Since man took to the sea, the need to communicate easily between ships has been vital. Did you know what approximately 80% of the world’s trade is done by sea? Whether to convey information about hazards or to inform a shore of your arrival, sharing messages helps to minimise injuries for all. According to a report published by the Swedish Club in 2015, poor communication was recorded as the leading culprit for maritime accidents. Therefore, it’s important that information is conveyed clearly, for the health and wellbeing of those on board. This guide will look into communication at sea and how technology has advanced to improve these systems.
The challenges of communication at sea
Unlike generic, on-shore professions, working onboard a vessel of any sort presents unique challenges when it comes to passing information. Largely, this is due to ships spending the vast majority of their time out of normal terrestrial network ranges. This inhibits the ability to communicate between ships in a traditional manner, leading to broken messages or lost information. Other challenges faced include the variety of native languages spoken and lack of face-to-face interactions for better interpretation. There are a set of standardised phrases, called the IMO Standard Marine Communication Phrases (SMCP), which were developed to ensure important safety-related information can be conveyed across language barriers to minimise the rate of misunderstanding. Regardless of this, technology continues to develop in order to combat many of the other issues that seafarers face on an everyday basis and during an emergency.
A brief history of communication at sea
The technology that supports communication onboard has continued to evolve and improve throughout the years. In 1970 France, Claude Chappe developed the semaphores communication method. It involved the use of two red and yellow flags that were placed in specific positions to convey letters or numbers to form a message. By the 1800s, this had been adopted into the marine industry as a fast and easy way to communicate between ships.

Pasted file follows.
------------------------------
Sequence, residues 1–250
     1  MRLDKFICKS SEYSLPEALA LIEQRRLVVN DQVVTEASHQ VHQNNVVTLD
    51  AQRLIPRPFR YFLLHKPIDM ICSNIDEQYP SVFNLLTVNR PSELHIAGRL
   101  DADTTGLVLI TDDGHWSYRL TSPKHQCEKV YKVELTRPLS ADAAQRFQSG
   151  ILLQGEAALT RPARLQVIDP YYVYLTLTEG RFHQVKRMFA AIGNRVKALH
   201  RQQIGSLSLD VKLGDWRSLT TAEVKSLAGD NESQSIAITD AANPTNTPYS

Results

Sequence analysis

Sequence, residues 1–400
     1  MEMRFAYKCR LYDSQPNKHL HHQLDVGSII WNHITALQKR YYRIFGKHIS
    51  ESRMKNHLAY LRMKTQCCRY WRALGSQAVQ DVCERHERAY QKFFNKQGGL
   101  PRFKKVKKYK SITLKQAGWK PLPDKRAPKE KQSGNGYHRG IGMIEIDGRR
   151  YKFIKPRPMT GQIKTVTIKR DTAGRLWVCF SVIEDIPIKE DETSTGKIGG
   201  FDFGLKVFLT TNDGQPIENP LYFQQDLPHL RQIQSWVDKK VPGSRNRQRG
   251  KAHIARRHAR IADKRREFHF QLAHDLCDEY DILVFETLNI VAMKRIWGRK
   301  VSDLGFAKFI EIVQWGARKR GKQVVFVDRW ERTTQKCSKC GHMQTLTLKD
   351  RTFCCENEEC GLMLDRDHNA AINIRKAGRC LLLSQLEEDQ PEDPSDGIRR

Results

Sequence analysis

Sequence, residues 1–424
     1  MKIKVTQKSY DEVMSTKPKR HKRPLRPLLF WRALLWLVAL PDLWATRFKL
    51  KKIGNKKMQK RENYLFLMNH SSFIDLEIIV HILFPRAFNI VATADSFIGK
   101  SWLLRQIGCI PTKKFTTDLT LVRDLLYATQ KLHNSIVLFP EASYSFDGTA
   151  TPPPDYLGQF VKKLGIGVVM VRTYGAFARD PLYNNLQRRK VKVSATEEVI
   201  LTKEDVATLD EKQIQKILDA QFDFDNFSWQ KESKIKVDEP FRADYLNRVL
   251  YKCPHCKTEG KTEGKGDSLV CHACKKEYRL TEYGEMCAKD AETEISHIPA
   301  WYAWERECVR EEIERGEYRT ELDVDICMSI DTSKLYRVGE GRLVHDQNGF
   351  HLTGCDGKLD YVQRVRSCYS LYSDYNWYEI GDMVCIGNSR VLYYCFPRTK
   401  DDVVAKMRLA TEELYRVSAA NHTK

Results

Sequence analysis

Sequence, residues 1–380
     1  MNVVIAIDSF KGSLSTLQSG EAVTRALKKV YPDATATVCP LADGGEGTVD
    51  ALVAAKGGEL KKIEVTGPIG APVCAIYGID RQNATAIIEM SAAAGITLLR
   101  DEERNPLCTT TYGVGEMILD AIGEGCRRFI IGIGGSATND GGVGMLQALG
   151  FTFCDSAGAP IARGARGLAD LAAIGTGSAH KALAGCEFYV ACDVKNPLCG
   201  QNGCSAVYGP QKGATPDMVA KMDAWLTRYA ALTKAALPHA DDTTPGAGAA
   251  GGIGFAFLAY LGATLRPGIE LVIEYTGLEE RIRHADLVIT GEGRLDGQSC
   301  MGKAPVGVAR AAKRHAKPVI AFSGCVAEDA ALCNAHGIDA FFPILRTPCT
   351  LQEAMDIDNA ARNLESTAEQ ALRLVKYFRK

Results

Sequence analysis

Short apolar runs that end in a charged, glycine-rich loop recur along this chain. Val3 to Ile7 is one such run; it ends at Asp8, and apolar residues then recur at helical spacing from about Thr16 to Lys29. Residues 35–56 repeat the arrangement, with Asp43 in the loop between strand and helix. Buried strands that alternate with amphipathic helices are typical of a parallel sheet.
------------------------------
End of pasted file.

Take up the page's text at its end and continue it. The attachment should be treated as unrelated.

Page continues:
Then, in 1872, Samuel Finley Breese Morse invented a communication system that encodes messages through a series of dots and dashes (also known as dits or dahs). This was taken on by the marine industry due to its long-reaching capabilities and speed. Specifically, during WW2, sailors relied on morse code to enable naval warships to share critical information. Over time and by the late 19th century, marine communication changed once again, morphing into Marine VHF Radio. This worldwide system of two-way radio communication is generally used for emergency situations at sea, allowing you to summon the Coastguard or other vessels of a situation. When improving safety, Digital Selective Calling (DSC) was also invented as a core part of the Global Maritime Distress Safety System.
How do we communicate at sea today?
Nowadays, the way in which we communicate at sea has advanced in line with existing technology. The majority of vessels will rely heavily on satellite systems as opposed to terrestrial alternatives. This is due to the speed at which messages can be sent and the distances they can travel. In general, there are two parties that provide marine communication services – namely INMARSAT (two-way communication) and COSPAS – SARSAT (emergency services).